I’m trying to think of how many female software engineers I have worked with over the years. I’ve worked with female managers, product and project managers, quality assurance engineers, and technical writers. But when it comes to counting the number of female software engineers I’ve encountered, I think the number is two or three (and only two that I can recall). I do know another female who majored in Computer Science, entered the workforce, worked for IBM, and left the field because she hated it.
While sexism, I think, is an oversimplified answer, I think that simple gender preference is equally oversimplified. After all, there are many female scientists, math teachers, and engineers of other disciplines. May it have something to do with social nature? One can only guess. One would expect just about any professional field to be weighted one way or the other. We aren’t surprised that there are more female than male nurses, or more male than female auto-mechanics. But in these fields, the reason for a gender preference seems somehow a little more clear.
I may not give this a second thought if I had encountered just a few more female software developers. But just two or three seems low enough to suggest that there is something more at play. I don’t suggest for one minute that it has anything to do with bias on the part of men, and I can say this because I personally have not encountered any such bias. I have never once heard men discuss female engineers of any kind in any derogatory manner, nor would I take part in such a conversation (I have a mom, two sisters, a wife, and two daughters–all of them extremely intelligent). Nor do I suggest that the measure of gender equality is equal numbers of men and women in a given field. I think that assumption would be outrageous (correlation doesn’t imply causality, nor does correlation necessarily imply inequality–it may or may not).
About a year ago I was helping my oldest daughter with her math homework. I was shocked when she said, “Dad, I’m just a girl, I’m not good at math.” WHAT! Where in the world would she have heard such a thing? Certainly not from me. Certainly not from any of her teachers (all of them female). When pressed, she could not explain to me why she thought such a thing or where she might have heard it. The only answer I got was, “Math is for boys.” Similarly, I wonder, if for some reason, young girls develop a sense that computers are for boys. And if so, where would this troubling idea come from?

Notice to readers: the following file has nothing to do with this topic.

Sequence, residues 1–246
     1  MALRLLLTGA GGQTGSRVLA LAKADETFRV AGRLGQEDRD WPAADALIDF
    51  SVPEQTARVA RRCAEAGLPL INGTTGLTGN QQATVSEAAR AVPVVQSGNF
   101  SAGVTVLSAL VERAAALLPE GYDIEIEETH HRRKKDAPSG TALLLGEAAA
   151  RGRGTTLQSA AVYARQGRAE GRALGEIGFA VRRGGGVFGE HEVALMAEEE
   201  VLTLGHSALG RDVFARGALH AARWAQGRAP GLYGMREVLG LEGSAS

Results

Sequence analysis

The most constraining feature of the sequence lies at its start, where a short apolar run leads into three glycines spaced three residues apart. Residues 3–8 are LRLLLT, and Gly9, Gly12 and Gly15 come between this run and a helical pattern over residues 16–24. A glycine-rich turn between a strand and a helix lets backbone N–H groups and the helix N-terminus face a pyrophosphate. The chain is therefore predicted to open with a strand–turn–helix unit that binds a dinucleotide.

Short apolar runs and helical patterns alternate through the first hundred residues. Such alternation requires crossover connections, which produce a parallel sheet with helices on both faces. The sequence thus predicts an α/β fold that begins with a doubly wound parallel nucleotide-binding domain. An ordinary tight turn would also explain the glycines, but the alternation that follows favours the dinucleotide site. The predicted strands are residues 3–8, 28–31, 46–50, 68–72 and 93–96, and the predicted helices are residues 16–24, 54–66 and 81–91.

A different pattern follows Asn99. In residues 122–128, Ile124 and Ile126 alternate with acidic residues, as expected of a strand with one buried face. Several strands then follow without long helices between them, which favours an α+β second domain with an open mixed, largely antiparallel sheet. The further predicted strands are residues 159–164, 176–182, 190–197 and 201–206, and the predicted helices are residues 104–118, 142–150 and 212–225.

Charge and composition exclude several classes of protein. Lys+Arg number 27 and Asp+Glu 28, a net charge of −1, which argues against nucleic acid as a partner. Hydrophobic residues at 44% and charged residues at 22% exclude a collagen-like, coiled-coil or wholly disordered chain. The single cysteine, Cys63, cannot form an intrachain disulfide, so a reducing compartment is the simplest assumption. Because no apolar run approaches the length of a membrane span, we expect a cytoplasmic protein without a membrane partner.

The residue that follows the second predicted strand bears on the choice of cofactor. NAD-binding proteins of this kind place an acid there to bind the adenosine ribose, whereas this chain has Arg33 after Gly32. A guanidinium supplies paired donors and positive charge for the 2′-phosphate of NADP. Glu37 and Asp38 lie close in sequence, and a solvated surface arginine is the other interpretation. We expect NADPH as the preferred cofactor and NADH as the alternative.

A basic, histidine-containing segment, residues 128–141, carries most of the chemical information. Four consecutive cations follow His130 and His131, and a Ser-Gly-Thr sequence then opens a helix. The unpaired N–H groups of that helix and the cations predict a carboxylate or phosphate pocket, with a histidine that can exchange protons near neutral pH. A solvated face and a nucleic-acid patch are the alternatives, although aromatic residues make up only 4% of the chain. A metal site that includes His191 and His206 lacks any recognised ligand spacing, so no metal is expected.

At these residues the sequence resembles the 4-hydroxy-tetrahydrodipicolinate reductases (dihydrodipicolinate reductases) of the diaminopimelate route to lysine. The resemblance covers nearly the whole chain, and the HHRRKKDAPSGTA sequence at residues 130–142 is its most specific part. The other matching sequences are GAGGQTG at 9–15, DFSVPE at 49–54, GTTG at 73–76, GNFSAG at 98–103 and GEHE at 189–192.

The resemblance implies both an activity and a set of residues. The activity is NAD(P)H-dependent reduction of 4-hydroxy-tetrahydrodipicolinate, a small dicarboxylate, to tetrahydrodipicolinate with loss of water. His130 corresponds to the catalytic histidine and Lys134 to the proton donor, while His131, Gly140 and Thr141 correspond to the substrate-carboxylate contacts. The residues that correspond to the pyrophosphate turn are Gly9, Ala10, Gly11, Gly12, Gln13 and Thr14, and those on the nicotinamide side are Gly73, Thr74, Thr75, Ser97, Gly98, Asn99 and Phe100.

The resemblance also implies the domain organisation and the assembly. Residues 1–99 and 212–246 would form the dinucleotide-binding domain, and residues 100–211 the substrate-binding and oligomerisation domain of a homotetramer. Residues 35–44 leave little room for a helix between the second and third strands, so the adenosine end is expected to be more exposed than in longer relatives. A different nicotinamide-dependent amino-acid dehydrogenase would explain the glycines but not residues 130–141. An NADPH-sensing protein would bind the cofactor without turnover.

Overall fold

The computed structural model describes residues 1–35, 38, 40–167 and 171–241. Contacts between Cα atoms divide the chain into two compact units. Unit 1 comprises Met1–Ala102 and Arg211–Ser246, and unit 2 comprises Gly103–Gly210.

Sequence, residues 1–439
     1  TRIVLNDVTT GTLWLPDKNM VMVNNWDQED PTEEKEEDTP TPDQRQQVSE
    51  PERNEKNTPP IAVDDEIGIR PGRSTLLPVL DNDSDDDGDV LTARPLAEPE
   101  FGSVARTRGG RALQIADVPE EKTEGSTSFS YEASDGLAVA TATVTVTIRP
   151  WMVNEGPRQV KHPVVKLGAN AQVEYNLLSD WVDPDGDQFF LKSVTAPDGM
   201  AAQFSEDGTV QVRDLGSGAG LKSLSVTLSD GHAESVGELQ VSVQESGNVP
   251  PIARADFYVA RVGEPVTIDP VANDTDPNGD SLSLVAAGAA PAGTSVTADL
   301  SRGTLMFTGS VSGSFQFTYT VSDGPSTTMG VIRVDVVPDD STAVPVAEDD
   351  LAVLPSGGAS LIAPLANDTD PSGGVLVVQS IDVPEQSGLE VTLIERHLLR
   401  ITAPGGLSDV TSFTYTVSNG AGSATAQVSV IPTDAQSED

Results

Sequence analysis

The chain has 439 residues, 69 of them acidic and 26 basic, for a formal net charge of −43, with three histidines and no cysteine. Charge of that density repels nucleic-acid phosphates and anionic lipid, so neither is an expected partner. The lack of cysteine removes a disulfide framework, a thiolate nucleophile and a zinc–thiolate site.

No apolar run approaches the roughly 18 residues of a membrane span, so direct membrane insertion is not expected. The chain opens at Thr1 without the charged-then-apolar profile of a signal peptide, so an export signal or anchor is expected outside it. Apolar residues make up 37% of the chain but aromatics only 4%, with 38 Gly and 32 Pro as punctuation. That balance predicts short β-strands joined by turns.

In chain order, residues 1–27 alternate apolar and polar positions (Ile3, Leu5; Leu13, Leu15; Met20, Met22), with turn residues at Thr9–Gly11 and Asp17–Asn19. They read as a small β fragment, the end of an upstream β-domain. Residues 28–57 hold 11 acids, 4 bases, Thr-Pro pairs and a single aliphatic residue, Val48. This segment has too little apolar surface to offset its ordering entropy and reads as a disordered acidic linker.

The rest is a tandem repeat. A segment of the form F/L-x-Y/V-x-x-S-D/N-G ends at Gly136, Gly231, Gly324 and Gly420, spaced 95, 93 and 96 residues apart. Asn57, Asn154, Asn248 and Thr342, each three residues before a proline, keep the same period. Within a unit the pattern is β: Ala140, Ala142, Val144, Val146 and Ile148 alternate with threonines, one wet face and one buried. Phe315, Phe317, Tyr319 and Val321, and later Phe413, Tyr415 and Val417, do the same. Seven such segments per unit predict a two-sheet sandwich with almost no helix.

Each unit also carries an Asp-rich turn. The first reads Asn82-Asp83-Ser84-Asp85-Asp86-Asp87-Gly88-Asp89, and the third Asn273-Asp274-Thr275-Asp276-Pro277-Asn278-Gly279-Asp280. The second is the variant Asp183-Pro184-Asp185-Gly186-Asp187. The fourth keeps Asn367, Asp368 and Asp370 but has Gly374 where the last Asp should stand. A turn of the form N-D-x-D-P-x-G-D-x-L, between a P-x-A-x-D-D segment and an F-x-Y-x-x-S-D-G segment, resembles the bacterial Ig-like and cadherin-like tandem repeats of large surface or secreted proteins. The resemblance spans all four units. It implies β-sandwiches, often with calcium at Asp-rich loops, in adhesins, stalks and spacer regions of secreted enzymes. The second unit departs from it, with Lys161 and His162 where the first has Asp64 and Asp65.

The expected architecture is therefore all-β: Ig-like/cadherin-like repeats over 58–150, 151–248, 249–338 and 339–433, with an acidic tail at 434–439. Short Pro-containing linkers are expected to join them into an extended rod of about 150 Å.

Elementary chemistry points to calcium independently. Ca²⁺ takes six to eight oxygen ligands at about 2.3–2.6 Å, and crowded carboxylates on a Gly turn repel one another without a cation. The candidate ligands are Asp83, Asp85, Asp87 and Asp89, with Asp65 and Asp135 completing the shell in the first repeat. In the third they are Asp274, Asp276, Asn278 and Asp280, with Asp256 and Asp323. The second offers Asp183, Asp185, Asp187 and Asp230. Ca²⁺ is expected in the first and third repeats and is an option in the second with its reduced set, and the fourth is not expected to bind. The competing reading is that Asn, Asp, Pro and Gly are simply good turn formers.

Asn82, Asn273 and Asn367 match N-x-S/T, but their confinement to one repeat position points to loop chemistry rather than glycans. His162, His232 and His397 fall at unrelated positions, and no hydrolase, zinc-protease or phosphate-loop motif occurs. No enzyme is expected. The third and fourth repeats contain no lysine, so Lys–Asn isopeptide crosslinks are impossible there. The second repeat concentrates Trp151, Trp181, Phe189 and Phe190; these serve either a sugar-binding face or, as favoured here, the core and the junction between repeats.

I’m interested in hearing some thoughts on this subject, and if any female software folks happen across this post, I would be especially eager to hear from you.
Assertion #1: You may not like me. (Not immediately.)
My Fellow Software Developers, Architects, Designers, Engineers, Leaders, Quality Assurance Analysts… Whatever your job title (and whatever your real role, as a job title says little). I have a prediction: You will either read this article and agree wholeheartedly or read this article and take offense. Please don’t take offense. Perhaps ‘take offense’ is a strong way of putting it. Maybe a more likely response is Yeah, yeah, I’ve heard that or I know, but who has the time?
This article is written for us by one of us. It’s FUBU, so to speak.
What makes me an expert? Because, I am proud to say, I have overcome the cubicle lifestyle and found that there is a much better way of life beyond these short walls. Dare I say it? I’m a better employee because of it! Dare I say something else? May I? Here goes: Those of you who read this introduction and are tempted to stop now are likely the ones who most need to read on. Stick with me. I’ll make this fun. I’ll try, anyway. I’m on your side–we’re kindred, after all.
Oh, and one more thing before we proceed: I don’t wish to give anyone false hopes. I have no secrets to share. I know you’re wondering because I’ve been asked many, many times over the years. The question I get often, and one I dread: What’s your secret?
There’s no secret. There’s no miracle pill. There’s no app for this. I have not discovered or unlocked a great mystery here. That said, I have some sound advice. Good advice. It’s changed my life. If you are to proceed, changing your entire lifestyle (one that you’ve become quite accustomed to over the years) It’s going to suck at first. You may hate it–at first. There’s no getting around that. You are going to want to do it. Not for a while. The love of exercise does come, I promise, but it may take a while. (How’s that for motivation?)